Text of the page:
I edit academic blog posts, reformat them for narration, then design the layout.
I meet with my writers, hopefully, they are in a good and malleable mood. We go over how to make their fancy academic-speak into something more digestible for a general audience. Afterward, I meet with the documentary team and we discuss what needs to be done to turn those bite-sized academic blog posts into an interesting mini-documentary (30 sec- 4 minutes). Then I write the narration script. When that's done I lay out the post into a beautiful design to post online.
Besides the obvious design, writing and grammar skills, I have to have good instincts as to what people want to read and how they want it delivered. I have to walk the fine line of making sure we simplify without "dumbing it down." Readers always know when you're talking down to them. I also have to know what to share in the mini-documentaries so that the message is fully formed without giving away everything.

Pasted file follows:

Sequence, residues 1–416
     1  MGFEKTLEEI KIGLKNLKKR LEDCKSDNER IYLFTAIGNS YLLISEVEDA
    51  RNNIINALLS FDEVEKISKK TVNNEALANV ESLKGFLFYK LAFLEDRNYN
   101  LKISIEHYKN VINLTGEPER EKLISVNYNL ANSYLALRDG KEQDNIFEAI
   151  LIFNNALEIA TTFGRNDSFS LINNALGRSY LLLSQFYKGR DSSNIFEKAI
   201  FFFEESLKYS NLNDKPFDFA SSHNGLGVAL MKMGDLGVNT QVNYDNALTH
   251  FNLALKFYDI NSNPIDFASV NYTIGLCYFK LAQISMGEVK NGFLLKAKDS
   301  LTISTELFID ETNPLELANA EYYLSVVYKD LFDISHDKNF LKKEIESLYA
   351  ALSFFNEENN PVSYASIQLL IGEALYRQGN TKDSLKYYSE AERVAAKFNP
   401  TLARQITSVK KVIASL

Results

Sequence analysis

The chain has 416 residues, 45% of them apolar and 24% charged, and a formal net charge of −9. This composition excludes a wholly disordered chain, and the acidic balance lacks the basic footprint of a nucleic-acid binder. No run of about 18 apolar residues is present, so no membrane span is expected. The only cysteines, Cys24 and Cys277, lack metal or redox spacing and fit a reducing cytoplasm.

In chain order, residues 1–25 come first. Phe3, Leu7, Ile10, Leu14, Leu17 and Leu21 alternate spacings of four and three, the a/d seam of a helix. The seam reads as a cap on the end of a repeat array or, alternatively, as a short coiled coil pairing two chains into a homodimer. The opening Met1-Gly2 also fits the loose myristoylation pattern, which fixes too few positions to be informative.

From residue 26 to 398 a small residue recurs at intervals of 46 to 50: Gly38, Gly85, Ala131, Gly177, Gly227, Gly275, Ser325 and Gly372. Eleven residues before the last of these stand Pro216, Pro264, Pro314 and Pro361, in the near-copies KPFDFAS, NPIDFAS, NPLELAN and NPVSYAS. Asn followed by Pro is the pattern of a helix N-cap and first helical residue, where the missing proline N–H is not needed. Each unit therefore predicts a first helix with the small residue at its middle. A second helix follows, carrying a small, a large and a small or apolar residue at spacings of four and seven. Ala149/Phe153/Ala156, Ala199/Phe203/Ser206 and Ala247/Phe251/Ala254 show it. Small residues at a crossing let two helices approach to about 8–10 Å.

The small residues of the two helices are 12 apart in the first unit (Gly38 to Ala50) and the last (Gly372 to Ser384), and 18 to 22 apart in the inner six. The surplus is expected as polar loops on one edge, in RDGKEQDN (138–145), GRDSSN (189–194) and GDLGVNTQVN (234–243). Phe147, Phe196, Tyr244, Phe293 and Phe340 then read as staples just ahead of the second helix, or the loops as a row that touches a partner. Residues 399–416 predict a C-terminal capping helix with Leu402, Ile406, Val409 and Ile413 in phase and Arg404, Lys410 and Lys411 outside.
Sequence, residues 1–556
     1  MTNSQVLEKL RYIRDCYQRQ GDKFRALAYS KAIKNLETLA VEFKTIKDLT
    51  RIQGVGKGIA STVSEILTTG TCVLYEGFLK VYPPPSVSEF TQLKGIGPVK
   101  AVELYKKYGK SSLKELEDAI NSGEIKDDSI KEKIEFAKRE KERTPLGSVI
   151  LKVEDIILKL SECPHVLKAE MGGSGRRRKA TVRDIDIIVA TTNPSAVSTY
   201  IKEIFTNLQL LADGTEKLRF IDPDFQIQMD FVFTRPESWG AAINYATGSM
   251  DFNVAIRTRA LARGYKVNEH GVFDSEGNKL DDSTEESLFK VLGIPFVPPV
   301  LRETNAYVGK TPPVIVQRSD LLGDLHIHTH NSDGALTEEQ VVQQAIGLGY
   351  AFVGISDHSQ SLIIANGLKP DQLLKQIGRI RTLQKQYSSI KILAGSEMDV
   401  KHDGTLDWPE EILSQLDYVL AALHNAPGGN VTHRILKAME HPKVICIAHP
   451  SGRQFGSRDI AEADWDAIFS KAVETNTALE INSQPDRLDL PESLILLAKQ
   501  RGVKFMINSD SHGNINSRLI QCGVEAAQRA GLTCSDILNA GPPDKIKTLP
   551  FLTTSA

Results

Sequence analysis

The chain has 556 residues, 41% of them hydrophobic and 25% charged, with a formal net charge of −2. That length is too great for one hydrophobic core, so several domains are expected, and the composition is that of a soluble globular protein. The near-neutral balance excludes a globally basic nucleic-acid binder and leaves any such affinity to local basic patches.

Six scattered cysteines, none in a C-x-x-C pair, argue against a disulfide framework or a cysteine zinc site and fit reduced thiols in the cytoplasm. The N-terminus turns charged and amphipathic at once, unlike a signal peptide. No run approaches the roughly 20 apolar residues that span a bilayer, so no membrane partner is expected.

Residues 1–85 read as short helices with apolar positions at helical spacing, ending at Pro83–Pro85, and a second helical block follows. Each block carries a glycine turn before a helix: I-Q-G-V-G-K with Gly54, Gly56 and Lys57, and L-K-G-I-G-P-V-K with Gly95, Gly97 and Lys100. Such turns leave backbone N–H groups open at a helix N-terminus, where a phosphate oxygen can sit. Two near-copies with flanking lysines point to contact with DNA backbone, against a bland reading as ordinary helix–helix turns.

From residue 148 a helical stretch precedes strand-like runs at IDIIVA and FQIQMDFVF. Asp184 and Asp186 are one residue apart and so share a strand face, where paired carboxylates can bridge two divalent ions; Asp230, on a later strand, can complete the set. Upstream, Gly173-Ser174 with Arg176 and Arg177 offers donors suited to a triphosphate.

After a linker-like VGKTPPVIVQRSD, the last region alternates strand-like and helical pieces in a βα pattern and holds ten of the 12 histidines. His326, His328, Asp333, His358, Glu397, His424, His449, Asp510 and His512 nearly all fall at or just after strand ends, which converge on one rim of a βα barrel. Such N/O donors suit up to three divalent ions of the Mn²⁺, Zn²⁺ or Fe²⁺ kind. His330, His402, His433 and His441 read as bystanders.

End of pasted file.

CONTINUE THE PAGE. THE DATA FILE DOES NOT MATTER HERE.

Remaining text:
Here's the first step for college students
Listen to your instincts. Don't waste your time and money on the degree that will make you the most money. Most people don't work in their original field of study. I think that's the case because most people are worried about money and image, but if it's not really the kind of work you want to do, you'll just end up changing down the line anyway.
"You shouldn't try to go into filmmaking, there isn't a place for you there."
There is always a place. People who get to have a voice are the ones who speak up. It's that simple and that difficult.
There are a lot of preconceived notions about what being a Mormon means. People think we're weird or backwards, etc. Even so, a lot of the problem lies in the belief that others think you don't belong. If you think it, it might as well be true.